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Why The Barbie Movie Is So Relevant

By Marissa Rotolo

With the high anticipation that came with Greta Gerwigs’ “Barbie” movie, so did the discourse. The film was met with strong emotions. Some critics called the movie “woke,” while others were met with intense emotion, and others praised Gerwig for capturing the feminine experience: the good, the bad, and the ugly. Ultimately, this film distinguishes itself because its message so easily goes over some viewers' heads. People’s differing conclusions reflect how different the human experience can be.

Many people’s issue with the movie is that it favors the matriarchy. However, people seem to not notice that nobody is inherently happier (or suffering) in the matriarchy, and vice versa when Ken brings the patriarchy to Barbie Land. Rather, the movie seeks to highlight humanity over hierarchy. In the end, choice is the main idea. Barbie chooses to choose. The Kens and Barbies choose what they want: to be a doctor, to run for president, to be a homemaker, etc.

The movie’s main idea is about coming into womanhood. This is pointed out through America Ferrera’s eloquent monologue. The entire concept is that Barbie has become a symbol of how complicated womanhood can actually be. Barbie was created with the intention to be whoever you wanted her to be. Overtime, the idea of Barbie has become jaded. She’s framed as a bimbo who only cares about fashion and the color pink. This is a frustration for women coming into their own. You must be a boss woman, but also not too much because then you are greedy. You should love yourself and not care about being super skinny, but also if you gain weight then you lack self-control. You should be independent but also not too much or you come across as ungrateful. The list simply goes on and on. Barbie is the perfect icon to highlight this dilemma because she herself is the dilemma. When did Barbie’s original purpose get so mixed up?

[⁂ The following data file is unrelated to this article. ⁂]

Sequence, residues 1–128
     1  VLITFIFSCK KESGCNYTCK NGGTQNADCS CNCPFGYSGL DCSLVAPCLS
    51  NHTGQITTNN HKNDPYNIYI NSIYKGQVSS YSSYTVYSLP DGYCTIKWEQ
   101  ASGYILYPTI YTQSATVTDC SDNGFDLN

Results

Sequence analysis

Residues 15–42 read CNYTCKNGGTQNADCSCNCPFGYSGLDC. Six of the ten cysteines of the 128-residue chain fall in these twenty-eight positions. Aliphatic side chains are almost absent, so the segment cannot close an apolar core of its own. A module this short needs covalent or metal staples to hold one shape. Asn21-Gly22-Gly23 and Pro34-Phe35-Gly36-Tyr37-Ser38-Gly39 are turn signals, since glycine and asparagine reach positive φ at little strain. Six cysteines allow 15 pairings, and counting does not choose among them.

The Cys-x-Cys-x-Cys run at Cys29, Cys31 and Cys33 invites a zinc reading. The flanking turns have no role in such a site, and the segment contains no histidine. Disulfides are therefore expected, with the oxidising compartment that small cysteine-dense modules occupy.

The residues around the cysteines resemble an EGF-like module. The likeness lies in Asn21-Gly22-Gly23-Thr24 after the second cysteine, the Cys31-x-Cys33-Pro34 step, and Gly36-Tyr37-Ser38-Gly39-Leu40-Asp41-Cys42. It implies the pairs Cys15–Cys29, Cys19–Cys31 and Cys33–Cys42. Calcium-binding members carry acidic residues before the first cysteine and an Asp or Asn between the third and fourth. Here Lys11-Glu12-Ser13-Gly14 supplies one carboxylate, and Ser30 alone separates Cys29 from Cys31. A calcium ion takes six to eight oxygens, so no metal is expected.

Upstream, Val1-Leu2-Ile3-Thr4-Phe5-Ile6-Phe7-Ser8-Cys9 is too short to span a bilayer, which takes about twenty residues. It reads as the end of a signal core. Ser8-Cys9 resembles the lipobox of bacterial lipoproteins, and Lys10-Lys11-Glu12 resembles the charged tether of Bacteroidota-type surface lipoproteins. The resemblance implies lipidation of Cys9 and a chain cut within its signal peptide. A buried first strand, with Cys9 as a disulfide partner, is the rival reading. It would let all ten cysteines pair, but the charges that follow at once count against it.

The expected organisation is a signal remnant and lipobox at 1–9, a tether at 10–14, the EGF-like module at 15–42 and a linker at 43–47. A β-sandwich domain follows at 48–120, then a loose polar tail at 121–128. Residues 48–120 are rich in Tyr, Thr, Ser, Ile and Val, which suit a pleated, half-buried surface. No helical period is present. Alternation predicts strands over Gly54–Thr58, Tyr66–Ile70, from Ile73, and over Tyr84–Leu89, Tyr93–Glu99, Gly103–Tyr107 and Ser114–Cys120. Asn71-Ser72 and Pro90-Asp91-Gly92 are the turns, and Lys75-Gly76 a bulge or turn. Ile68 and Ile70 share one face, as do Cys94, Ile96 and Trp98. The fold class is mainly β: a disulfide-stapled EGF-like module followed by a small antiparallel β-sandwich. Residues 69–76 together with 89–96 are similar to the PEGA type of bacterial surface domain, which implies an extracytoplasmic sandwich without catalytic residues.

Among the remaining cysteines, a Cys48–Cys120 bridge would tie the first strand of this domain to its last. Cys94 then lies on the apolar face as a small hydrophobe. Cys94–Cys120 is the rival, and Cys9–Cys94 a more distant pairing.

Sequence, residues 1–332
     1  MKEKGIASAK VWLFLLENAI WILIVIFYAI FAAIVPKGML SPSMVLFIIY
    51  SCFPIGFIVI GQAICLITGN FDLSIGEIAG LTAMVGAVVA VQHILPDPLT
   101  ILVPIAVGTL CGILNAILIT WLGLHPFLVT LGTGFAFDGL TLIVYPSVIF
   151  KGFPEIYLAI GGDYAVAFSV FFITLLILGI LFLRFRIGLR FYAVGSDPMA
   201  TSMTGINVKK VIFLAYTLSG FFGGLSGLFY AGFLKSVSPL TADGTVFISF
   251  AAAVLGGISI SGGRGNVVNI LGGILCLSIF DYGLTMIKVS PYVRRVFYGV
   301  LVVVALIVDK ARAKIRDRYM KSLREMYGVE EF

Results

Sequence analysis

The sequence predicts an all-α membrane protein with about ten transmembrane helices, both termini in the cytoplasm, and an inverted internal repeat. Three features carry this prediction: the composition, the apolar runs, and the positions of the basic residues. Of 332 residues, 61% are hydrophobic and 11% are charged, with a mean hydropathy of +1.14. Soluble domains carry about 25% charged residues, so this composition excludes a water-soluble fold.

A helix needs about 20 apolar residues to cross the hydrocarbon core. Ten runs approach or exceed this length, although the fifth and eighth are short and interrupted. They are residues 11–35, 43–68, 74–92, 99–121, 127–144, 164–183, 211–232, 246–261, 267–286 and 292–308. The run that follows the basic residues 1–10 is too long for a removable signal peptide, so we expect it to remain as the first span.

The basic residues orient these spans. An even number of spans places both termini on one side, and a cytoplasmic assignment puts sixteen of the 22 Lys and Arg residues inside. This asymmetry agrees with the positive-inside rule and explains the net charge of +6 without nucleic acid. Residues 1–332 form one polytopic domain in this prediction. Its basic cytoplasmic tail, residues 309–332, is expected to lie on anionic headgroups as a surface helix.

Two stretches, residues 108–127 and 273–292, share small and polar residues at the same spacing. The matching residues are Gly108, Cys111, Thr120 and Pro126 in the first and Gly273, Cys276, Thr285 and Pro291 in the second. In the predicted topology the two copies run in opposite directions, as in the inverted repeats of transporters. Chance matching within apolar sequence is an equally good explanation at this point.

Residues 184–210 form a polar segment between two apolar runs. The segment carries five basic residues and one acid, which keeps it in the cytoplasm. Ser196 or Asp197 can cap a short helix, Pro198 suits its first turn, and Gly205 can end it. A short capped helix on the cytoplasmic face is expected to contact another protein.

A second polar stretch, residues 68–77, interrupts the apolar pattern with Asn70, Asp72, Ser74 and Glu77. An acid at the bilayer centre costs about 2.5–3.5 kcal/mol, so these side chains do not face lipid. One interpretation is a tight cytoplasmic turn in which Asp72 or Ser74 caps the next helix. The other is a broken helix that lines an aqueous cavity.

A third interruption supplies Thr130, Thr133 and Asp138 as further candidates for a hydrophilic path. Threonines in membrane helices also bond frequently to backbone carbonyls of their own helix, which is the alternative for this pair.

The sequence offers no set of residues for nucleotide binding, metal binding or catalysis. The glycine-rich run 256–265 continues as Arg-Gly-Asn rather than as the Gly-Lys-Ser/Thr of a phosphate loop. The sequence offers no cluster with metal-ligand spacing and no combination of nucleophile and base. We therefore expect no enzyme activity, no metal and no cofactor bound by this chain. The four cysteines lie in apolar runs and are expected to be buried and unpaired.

Perhaps the most pivotal moment in the film is when Barbie takes the hand of her creator and sees girlhood being played out. This is the heart of the film. She sees the innocence of being a child grow into the complexity of becoming a woman. This moment is bittersweet because the innocence of being a child and playing with barbies is so simple. After all, as a child you never question the inner workings of the things you love. There tends to be a moment or a shift where we become hyper-aware of ourselves, and Gerwig does a phenomenal job of portraying that while also provoking a nostalgic, bittersweet emotion.

With all this in mind, Greta Gerwig has done a fantastic job of highlighting the layers of womanhood, while also maintaining a specific sense of irony and wit. Her wit goes so deep, that it can go over the viewer's heads. The layers that this film produces makes it a timeless piece of cinematography that will stay relevant for years to come.

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